Stinging eyes, an unrelenting cough and chronic lung disease have taken their toll on Bhajan Lal, an auto rickshaw driver navigating the Indian capital’s chaotic roads and poisonous air.
For the last three decades, Lal carted passengers along bumpy thoroughfares to temples, markets and offices in New Delhi, working every day through the winter months when a pall of toxic smog settles over the sprawling megacity.
“The pollution causes a lot of problems for my throat,” the 58-year-old told AFP, after a morning spent in the driver’s seat of his motorised three-wheeler.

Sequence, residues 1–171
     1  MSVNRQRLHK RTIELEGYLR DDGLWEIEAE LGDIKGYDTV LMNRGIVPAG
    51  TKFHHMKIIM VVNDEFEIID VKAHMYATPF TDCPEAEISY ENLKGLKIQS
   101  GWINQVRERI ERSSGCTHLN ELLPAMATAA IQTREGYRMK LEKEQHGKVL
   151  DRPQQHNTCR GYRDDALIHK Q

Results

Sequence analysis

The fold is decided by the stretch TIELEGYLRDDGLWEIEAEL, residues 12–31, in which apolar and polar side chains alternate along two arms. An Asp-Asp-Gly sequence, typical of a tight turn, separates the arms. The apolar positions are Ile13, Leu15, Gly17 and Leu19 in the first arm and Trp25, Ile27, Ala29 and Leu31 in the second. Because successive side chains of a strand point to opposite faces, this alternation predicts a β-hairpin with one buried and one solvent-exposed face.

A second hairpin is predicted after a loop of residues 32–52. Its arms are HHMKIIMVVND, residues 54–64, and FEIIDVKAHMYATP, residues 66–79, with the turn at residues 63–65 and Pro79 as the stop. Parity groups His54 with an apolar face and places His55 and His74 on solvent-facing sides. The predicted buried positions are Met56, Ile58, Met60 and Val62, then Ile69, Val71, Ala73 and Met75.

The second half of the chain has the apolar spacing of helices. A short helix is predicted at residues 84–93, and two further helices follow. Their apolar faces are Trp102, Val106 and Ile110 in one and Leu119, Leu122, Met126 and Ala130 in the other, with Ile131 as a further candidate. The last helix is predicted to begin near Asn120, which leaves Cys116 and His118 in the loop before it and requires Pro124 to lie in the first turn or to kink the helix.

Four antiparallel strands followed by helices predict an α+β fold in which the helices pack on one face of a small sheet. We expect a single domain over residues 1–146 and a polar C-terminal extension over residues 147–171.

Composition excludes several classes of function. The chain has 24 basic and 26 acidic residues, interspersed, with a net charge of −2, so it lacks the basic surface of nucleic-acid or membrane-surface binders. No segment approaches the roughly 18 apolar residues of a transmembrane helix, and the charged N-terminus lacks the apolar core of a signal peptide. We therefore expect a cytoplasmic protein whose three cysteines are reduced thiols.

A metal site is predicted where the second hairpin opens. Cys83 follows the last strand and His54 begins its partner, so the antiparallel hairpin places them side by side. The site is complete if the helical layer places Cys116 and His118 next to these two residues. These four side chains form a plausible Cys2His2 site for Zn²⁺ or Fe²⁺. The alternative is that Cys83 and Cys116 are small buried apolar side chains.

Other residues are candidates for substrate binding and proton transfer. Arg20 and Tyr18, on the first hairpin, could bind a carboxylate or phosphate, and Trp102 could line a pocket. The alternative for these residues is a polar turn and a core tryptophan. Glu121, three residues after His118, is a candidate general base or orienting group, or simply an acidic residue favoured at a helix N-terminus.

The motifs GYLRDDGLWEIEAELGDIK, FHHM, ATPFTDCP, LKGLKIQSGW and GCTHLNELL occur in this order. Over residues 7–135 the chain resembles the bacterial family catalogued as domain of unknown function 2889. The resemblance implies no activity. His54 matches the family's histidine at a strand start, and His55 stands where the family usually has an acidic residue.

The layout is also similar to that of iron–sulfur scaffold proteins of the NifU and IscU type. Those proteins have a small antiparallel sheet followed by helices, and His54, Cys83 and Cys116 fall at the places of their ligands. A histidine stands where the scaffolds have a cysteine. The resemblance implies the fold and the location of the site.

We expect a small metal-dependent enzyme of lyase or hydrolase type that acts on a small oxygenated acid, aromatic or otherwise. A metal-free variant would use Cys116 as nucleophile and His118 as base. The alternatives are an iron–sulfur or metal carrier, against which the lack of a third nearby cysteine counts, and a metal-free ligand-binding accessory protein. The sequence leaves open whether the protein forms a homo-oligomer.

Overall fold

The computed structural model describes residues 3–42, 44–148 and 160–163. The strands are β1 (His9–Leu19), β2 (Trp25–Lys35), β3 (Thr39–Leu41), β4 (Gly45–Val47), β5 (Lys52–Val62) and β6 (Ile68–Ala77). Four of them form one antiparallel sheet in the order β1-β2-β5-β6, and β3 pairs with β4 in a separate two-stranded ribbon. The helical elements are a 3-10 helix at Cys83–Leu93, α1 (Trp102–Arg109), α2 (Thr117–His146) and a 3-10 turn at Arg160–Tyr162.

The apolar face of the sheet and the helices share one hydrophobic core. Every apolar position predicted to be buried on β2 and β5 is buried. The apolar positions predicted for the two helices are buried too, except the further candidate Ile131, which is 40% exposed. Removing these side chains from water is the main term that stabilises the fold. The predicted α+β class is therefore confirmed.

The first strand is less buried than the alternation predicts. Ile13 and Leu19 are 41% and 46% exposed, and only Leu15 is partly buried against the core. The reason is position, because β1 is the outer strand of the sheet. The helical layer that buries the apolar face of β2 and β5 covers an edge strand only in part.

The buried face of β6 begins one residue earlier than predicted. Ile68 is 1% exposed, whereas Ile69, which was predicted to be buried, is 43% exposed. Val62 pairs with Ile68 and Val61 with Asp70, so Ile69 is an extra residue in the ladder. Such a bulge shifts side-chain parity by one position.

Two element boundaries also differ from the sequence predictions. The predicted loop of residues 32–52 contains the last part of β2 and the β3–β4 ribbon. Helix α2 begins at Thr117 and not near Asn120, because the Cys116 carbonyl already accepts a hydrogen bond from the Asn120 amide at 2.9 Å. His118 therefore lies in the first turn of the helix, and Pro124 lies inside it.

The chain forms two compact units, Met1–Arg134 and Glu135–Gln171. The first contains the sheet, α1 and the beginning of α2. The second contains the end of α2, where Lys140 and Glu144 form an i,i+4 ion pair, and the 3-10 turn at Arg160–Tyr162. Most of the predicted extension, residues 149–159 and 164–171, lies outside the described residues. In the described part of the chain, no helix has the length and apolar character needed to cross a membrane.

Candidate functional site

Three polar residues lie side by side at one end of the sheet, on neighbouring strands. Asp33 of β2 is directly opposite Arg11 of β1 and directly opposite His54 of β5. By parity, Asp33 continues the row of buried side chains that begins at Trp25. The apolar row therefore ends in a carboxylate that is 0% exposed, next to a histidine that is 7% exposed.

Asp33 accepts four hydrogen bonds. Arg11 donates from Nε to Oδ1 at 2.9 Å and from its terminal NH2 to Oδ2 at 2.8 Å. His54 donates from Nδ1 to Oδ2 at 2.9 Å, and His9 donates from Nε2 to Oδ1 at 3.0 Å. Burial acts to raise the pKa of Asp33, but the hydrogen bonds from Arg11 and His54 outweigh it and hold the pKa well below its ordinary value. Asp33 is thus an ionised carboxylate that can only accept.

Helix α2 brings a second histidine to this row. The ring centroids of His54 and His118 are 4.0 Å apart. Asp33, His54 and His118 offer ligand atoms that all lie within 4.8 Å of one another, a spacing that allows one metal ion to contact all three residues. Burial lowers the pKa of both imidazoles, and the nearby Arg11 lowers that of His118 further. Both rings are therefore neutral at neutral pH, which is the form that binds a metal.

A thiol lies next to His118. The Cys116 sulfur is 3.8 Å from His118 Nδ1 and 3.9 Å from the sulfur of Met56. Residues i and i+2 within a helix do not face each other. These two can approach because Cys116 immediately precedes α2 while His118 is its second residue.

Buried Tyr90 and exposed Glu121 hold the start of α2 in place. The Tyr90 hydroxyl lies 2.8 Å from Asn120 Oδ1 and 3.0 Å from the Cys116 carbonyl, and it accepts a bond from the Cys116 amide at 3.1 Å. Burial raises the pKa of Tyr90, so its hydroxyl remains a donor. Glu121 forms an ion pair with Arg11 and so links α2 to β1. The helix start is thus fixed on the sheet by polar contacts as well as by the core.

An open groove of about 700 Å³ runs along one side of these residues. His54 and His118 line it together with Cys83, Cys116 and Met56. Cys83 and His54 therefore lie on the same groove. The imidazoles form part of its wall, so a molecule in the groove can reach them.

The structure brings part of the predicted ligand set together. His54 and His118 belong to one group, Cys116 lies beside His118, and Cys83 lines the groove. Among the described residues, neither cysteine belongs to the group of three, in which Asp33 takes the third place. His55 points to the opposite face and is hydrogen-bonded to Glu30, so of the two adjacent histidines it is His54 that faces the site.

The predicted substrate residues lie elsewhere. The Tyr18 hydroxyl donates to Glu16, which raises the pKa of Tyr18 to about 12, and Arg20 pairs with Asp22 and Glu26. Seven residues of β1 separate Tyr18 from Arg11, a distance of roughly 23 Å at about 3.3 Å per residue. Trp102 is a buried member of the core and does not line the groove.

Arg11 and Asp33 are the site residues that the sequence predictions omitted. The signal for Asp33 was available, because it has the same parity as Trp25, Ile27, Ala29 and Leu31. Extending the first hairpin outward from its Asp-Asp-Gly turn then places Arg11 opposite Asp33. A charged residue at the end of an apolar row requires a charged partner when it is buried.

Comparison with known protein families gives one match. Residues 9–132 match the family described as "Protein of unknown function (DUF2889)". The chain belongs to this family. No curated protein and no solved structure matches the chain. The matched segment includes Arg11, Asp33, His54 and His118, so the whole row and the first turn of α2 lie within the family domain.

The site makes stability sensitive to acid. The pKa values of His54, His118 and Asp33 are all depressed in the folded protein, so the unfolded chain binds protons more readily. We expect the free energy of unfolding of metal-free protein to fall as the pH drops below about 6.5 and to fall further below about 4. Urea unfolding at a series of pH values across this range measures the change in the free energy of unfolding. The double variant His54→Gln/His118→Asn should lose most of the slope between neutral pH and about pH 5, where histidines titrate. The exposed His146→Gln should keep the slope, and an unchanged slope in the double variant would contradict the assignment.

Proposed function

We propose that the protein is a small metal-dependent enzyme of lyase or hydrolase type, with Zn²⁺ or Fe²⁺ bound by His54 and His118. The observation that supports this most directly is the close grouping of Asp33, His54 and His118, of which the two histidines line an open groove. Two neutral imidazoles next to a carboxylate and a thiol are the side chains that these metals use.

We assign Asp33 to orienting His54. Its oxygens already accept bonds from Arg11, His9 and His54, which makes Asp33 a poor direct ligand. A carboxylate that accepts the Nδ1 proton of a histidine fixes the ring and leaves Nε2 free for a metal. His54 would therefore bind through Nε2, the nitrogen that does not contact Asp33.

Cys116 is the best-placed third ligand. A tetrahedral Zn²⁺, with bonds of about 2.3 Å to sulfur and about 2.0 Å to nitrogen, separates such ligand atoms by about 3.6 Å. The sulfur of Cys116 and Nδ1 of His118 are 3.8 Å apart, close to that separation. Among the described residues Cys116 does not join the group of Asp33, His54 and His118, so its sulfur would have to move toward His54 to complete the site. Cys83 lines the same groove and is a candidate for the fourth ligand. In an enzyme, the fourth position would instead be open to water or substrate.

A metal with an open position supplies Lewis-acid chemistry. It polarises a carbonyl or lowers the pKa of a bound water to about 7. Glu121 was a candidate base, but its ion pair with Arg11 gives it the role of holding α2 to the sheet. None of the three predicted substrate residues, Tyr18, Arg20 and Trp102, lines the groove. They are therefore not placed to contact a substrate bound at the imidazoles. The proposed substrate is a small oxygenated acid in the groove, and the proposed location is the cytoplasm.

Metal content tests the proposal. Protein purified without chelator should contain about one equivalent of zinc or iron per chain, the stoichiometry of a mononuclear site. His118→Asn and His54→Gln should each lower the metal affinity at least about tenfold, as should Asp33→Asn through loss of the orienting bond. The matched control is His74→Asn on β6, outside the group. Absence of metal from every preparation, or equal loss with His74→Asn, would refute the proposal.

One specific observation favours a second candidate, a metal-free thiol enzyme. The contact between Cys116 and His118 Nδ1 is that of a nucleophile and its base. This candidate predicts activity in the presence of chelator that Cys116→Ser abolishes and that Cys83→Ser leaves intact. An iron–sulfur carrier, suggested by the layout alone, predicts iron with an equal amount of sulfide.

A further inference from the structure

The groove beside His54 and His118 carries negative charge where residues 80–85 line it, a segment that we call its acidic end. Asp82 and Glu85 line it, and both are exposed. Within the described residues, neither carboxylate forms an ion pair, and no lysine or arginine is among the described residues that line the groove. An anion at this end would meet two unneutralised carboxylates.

“My eyes sting… My lungs are affected, which creates breathing problems. Mucus builds up and collects in my chest.”
Delhi is consistently ranked the world’s worst capital for air quality and on its most polluted days the smog can cut visibility on the roads to barely 50 metres.
Levels of PM2.5 pollutants — the microparticles most harmful to human health, which can enter the bloodstream through the lungs — last week reached more than 30 times the maximum daily limit recommended by the World Health Organization.
“I feel so sorry looking at children and their health,” said Lal. “They are already getting sick.”
Lal’s business suffers and he sometimes drives around the streets for an entire day without finding passengers, who prefer paying extra to sit through their commutes inside a cab.
For those without the luxury of escaping the choking air, the health impacts are severe.